Outcomes of this project include a better understanding of goods movement in the region, insight into freight's role in the region's economic development, and underlying data to support the region's freight performance measures. DVRPC has identified a number of current and potential uses for the PhillyFreightFinder application.
Integration Into Business Practices
Data collected and organized through this effort will be incorporated in the process of developing DVRPC's Transportation Improvement Program (TIP) and work program. Other specific uses of the data will include identification of bottlenecks, project prioritization, promotion of public-private partnerships, and identification of freight and land use considerations.
Transportation agencies often struggle to obtain, maintain, and communicate robust and timely freight transportation data. Reasons for this include data owned by different entities (both public and private), proprietary data or privacy issues, data collection costs, and challenges in collecting comprehensive datasets. In recent years, the Philadelphia area metropolitan planning organization (MPO), Delaware Valley Regional Planning Commission (DVRPC), has been taking an innovative and collaborative approach to collecting and maintaining freight transportation data.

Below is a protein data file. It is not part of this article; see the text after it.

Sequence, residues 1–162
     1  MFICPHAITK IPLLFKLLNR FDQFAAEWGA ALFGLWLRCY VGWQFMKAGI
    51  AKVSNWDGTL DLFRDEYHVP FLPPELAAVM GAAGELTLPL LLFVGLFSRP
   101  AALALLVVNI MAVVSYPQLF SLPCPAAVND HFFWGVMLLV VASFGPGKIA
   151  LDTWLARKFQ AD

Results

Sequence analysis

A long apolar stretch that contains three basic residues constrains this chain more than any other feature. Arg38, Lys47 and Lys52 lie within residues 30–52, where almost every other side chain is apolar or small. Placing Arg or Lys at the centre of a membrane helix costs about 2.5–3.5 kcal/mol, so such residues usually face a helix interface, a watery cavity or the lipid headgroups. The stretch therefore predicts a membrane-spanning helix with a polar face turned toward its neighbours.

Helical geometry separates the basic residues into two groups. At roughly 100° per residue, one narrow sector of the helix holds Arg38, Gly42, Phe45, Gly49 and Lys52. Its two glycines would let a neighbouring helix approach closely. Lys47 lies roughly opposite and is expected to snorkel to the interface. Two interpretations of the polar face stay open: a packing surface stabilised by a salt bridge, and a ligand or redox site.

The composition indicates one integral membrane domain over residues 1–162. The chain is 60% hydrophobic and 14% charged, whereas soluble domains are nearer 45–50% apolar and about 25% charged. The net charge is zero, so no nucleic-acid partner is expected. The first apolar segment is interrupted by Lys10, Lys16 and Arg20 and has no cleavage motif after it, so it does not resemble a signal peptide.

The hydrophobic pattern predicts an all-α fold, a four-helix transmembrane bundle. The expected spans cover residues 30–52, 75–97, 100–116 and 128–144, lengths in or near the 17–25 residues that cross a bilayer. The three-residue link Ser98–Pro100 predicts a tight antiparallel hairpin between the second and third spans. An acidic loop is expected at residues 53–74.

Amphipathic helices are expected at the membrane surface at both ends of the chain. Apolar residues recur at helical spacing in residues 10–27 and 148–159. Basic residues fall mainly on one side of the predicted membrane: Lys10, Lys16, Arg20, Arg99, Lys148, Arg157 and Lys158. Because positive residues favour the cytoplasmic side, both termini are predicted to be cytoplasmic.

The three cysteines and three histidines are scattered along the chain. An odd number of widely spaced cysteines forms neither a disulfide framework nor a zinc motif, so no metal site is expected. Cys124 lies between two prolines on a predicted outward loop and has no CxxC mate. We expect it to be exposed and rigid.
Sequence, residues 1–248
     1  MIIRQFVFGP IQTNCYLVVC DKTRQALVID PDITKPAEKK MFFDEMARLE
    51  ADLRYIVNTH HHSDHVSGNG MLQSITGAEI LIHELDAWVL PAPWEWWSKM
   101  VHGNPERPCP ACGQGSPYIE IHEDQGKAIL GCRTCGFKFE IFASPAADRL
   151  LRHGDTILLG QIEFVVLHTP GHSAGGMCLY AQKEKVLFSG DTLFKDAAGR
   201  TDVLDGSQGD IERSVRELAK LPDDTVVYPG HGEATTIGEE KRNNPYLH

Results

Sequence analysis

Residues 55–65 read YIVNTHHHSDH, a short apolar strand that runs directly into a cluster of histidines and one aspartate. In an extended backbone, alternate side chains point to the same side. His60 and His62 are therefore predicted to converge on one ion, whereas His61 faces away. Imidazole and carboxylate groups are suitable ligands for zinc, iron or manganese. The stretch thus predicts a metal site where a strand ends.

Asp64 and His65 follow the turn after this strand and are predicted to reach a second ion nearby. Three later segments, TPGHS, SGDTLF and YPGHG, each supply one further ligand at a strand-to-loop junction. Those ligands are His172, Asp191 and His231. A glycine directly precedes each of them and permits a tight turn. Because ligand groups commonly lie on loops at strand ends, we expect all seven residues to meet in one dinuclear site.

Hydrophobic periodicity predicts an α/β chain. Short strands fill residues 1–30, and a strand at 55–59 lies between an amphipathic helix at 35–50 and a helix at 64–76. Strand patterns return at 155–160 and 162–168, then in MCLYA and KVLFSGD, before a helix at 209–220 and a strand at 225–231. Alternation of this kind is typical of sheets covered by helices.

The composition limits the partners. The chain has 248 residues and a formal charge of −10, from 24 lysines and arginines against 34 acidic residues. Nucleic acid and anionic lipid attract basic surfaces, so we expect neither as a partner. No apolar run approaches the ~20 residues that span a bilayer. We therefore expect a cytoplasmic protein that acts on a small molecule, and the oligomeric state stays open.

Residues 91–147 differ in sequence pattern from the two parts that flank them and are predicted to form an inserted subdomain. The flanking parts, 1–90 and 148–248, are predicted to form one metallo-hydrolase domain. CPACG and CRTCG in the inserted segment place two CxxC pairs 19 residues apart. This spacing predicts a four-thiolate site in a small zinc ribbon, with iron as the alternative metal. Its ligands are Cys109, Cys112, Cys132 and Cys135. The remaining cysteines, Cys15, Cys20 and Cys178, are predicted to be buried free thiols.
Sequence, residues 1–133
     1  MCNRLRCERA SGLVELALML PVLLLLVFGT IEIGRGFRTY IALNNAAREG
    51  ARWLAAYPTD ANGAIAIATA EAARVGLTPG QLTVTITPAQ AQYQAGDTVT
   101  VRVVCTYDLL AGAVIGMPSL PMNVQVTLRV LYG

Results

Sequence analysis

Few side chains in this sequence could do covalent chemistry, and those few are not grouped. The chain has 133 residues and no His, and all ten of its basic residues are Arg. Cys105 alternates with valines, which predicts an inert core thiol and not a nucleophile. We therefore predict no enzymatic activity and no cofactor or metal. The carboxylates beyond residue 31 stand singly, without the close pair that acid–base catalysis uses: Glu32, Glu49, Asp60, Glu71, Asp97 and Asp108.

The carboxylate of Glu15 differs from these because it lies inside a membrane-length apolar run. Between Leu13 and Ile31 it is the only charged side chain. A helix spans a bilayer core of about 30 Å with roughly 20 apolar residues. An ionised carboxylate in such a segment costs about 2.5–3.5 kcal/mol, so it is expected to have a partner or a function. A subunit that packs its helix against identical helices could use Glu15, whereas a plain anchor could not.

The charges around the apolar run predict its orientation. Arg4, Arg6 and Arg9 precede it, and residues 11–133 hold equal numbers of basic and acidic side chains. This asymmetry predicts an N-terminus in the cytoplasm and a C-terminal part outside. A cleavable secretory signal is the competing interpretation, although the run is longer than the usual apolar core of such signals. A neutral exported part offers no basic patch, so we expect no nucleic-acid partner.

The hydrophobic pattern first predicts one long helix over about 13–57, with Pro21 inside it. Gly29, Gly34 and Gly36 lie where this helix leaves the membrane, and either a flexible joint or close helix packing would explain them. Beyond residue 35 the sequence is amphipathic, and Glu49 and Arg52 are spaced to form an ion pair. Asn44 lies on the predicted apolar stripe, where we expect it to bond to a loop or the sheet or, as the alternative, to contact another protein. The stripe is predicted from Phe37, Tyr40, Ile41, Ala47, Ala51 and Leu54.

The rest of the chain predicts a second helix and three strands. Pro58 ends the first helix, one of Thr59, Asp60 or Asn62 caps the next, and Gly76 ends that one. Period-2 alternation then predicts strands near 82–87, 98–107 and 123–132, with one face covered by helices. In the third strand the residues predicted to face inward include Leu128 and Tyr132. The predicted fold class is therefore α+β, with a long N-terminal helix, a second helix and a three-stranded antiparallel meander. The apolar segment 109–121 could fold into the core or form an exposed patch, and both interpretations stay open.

DVRPC leads a Delaware Valley Goods Movement Task Force (DVGMTF) to serve as its freight advisory committee in response to the growing number of freight facilities and related needs in the region. The DVGMTF assists the MPO in conducting freight planning by allowing private sector freight stakeholders the opportunity to participate and provide input into the transportation planning process. Along with input into the planning process, the DVGMTF serves as a forum for the local freight community to provide information and data regarding the freight facilities in the region. In 2011, DVRPC staff and DVGMTF members developed a concept of an interactive mapping application that would house and visualize freight-related data for the region. This concept became reality in 2013 when DVRPC launched the PhillyFreightFinder application. PhillyFreightFinder is a structured program to collect and integrate many different freight transportation datasets together in a single location that could be used twofold: (1) the back-end data for detailed transportation analysis and planning purposes, (2) the front end interactive application for education and outreach purposes.